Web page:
In order to enable leveraging off of PVM's group and process
management functionality, the interface to
crl_init is slightly
different under the TCP/UNIX version of CRL:
void crl_init(char *groupname)
crl_initshould be called by all member processes simultaneously.
crl_initshould be called before any CRL functionality is utilized.
No node should call
crl_init before all the other nodes have
joined the PVM group. After CRL has been
initialized, no process is allowed to leave the group (nor are new
processes allowed to join it). Also, the instance number assigned to each
process must be consecutively assigned from 0 to
This could only be a problem if processes had previously left the group.
In the TCP/UNIX version of CRL,
crl_init will block until
network connections have been established with all other processes in
the PVM group. If insufficient network resources are available to
establish these connections, CRL will probably die catastrophically
instead of doing something useful (e.g., returning an error code or
printing a useful error message).
In order to ensure graceful and coordinated termination of a group of
PVM processes running CRL, the TCP/UNIX implementation also provides a
crl_exit function to ensure that all nodes exit cleanly
and help eliminate mysterious errors.
crl_exitshould be called before a process exists (but after it has finished using all CRL functionality).
The sample main() in
apps/pvm.common/pvm_app.c is an
example of how to start an application using the TCP/UNIX version of
CRL. All of the applications included in the apps directory use
this sample main(). See the README file in
apps/pvm.common for information on what main() is doing.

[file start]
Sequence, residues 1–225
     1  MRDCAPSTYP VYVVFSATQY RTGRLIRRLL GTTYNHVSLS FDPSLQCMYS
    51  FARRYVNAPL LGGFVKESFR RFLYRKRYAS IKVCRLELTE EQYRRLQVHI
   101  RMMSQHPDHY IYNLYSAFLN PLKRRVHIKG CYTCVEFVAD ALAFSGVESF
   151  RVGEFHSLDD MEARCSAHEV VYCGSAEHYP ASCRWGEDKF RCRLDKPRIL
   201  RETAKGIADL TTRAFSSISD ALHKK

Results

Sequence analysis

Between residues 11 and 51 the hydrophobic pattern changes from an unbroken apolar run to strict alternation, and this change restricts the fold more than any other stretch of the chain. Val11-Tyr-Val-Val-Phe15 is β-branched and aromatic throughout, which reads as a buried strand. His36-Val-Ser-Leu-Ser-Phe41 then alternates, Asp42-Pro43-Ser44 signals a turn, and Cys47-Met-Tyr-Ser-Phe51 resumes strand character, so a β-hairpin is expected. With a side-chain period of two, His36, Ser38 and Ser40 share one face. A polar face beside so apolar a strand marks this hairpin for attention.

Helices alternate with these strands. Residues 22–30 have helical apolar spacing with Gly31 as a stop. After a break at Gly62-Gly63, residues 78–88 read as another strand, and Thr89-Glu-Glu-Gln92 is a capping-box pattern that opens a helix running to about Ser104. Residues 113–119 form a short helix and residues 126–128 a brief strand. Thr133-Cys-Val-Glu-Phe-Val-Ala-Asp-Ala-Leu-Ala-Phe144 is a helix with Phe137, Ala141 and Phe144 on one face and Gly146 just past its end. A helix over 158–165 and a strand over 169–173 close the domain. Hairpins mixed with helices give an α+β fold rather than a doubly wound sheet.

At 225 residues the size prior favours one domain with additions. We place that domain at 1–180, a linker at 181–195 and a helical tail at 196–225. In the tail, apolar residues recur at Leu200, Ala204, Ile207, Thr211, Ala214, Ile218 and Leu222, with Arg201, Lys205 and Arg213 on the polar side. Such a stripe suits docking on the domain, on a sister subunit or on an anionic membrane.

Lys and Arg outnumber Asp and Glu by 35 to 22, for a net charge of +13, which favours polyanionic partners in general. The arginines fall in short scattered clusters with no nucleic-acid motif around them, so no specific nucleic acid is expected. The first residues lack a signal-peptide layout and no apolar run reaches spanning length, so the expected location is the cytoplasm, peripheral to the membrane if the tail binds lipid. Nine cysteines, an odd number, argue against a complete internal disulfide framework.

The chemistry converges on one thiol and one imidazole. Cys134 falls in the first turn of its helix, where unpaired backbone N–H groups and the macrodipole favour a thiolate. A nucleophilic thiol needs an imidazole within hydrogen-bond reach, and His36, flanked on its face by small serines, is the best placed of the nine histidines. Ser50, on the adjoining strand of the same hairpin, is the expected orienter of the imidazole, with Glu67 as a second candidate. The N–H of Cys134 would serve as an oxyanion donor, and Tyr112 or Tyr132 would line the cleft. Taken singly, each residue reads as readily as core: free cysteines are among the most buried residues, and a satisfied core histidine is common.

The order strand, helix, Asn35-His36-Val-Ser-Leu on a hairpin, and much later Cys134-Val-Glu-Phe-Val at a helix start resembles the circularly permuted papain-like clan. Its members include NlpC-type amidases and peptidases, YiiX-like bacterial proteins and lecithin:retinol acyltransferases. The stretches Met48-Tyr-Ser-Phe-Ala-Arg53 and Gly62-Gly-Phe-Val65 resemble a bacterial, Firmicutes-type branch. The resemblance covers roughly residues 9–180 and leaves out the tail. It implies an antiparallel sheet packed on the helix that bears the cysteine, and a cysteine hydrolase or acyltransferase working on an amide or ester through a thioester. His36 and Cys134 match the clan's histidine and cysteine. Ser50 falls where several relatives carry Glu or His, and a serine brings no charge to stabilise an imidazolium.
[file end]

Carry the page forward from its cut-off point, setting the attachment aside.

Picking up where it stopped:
In general, an application using the TCP/UNIX implementation of CRL
must do the following during startup:
The applications (or symbolic links to the applications) spawned by the PVM process management code must be available in the path searched by PVM.
Even though an application may be started from an arbitrary place in the filesystem, each of the processes spawned by PVM initially executes in the user's home directory. Unless the working directory of the spawned application is changed (using standard C library calls), any files accessed by the application must have pathnames relative to the home directory.
The Makefiles supplied for use with the TCP/UNIX version of CRL 1.0 assume that the GNU C compiler (gcc) is available. If gcc is not available in your local environment or you would like to use a different C compiler, you will need to edit the Makefile.TCPUNIX files in crl-1.0/src and crl-1.0/apps/* and change the CC = gcc lines to name the C compiler that should be used instead.
The TCP/UNIX version of CRL 1.0 uses SIGIO to implement active-message-like functionality using TCP sockets. Mixing CRL with source code that manipulate signals for other reasons should only be done with the greatest of care.
Further information about PVM (including sources) can be obtained via the PVM World Wide Web Home Page (http://www.epm.ornl.gov/pvm/).